*Words can’t really encompass just how excited we are for Spike Lee’s latest joint – a remake of the legendary Korean film Oldboy that should mark a nice little comeback for someone who has floundered in the feature film department over the past few years. He’s got a lot to live up too.
Oldboy is one of the most fascinating films of the 2000s (check out Roger Ebert’s original review of the movie here, but if anyone could successfully transfer its sensibilities to an American audience, it is Lee – who films images and emotions just as well, if not better, than any other American filmmaker.
Let’s just hope that Lee can make this new version of Oldboy into something memorable – one of those rare movie remakes that have somehow either equaled or surpassed the original films. So, what are the other remakes out there that have gotten to these levels? Here are our five picks:
THE DEPARTED – Martin Scorsese’s 2006 crime drama FINALLY got him the Oscar he deserved for Goodfellas, Mean Streets, Gangs of New York, The Aviator, Raging Bull and just about every movie he did. This remake of the Hong Kong thiller Infernal Affairs isn’t Scorsese’s best work, but the hilariously profane script by William Monahan, incredible Boston locations and great work by Mark Wahlberg and an ace cast makes it a memorable thriller.
DAWN OF THE DEAD – One of the few remakes that far surpasses the original, this 2004 film from Zack Snyder is the best of the “70s horror remakes” craze that gripped Hollywood in the early 2000s. It’s a hilariously violent and well-cast movie that hints at the talent behind the camera (Snyder would go on to do 300, Watchmen and Man of Steel) and is a whole lot scarier than the rather staid original.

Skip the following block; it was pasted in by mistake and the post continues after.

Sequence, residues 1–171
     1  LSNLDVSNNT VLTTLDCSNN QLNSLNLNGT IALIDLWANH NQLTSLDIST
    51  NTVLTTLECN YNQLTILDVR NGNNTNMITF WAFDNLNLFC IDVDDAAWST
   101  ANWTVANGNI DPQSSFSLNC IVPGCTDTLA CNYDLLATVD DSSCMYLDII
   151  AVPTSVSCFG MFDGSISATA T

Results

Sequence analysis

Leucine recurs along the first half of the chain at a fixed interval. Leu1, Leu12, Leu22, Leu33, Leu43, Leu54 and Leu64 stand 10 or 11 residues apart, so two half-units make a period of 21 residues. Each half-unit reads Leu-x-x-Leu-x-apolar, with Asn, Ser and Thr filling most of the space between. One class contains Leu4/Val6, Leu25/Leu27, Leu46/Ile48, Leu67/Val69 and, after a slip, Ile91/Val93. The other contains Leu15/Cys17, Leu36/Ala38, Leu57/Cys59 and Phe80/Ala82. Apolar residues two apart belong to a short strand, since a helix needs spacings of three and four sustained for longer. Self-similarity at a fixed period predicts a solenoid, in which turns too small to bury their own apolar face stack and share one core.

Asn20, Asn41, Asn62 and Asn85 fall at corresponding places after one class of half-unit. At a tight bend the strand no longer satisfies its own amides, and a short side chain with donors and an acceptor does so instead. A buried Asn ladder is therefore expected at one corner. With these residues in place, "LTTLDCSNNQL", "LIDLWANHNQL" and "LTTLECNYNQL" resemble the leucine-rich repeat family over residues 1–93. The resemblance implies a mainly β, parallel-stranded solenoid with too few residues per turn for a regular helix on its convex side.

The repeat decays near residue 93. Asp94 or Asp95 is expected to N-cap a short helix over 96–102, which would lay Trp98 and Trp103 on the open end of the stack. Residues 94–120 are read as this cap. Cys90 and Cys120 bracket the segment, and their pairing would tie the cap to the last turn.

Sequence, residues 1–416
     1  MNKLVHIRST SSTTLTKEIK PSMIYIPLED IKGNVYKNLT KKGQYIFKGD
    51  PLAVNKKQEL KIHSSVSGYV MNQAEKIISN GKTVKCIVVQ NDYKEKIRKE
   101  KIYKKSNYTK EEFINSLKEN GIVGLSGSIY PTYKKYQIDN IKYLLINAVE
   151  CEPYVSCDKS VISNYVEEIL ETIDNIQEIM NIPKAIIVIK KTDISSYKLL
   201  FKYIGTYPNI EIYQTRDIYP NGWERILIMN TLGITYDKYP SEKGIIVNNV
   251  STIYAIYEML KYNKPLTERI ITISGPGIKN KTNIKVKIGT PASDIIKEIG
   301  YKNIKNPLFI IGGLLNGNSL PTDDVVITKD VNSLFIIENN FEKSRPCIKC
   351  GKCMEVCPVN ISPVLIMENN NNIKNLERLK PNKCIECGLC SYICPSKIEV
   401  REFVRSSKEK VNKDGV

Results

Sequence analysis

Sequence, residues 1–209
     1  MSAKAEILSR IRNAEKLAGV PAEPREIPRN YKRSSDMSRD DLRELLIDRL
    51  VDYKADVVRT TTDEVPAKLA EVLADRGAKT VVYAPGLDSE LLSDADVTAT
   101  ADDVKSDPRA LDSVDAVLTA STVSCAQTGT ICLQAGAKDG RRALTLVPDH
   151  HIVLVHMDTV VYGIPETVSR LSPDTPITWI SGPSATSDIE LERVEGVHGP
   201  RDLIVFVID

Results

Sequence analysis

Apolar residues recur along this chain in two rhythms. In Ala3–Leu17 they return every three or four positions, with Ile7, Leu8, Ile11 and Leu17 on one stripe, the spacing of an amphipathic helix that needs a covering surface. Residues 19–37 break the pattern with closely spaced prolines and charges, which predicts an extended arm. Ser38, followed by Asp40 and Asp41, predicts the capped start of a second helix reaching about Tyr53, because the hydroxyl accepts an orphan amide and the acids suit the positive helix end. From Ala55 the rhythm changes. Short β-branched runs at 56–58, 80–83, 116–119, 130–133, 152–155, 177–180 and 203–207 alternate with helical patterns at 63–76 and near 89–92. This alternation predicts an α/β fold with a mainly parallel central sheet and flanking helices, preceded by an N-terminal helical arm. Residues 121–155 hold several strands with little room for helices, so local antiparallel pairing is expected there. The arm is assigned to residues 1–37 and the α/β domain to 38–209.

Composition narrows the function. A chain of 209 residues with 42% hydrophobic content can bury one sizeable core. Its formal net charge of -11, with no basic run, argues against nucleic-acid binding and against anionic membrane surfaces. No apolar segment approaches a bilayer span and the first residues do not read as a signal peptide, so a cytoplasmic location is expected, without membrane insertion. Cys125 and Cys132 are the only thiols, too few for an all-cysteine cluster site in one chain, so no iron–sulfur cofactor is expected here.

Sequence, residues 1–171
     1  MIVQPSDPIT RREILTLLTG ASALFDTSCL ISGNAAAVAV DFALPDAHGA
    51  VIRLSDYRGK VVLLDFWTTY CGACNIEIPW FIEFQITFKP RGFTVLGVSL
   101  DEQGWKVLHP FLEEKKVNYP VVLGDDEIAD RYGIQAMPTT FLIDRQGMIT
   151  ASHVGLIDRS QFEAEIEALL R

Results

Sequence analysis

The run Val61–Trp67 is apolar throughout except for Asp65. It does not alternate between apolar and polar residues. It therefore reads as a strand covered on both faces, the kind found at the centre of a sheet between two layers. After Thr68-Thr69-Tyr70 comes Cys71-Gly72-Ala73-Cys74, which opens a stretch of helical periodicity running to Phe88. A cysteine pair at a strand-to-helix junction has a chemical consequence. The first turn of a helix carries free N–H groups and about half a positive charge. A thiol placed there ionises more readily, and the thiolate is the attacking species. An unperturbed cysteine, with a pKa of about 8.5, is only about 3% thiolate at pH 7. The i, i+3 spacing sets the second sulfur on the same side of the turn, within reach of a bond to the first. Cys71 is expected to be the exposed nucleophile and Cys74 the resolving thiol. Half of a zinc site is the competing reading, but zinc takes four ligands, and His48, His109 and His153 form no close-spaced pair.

OCEAN’S 11 – The original Ocean’s 11 is a simple, charmless vanity project for the Rat Pack. The remake is a vanity project too – but with its tongue planted firmly in its cheek. Brad Pitt, George Clooney, Matt Damon and Don Cheadle have far too much fun stealing from Andy Garcia. It’s a shame that the movies lost their charm so quickly; Ocean’s 12 and Ocean’s 13 are barely tolerable.
TRUE GRIT – John Wayne’s Oscar-winning performance was the most memorable part of the original True Grit; the rest of it is just your standard western fare. The marvelous Coen brothers stick truer to the original book’s grittiness, and Jeff Bridges’ marvelously crusty turn as Rooster Cogburn at least equals Wayne’s.
THE THOMAS CROWN AFFAIR – Steve McQueen and Faye Dunaway made a glamourous couple in the original Thomas Crown Affair from 1968; Pierce Brosnan and Rene Russo (looking far too good for the age 45) are just as sultry in the 1999 caper remake. Ably directed by the Die Hard veteran John McTiernan, the 1999 version is a slick, enjoyable good time of a film.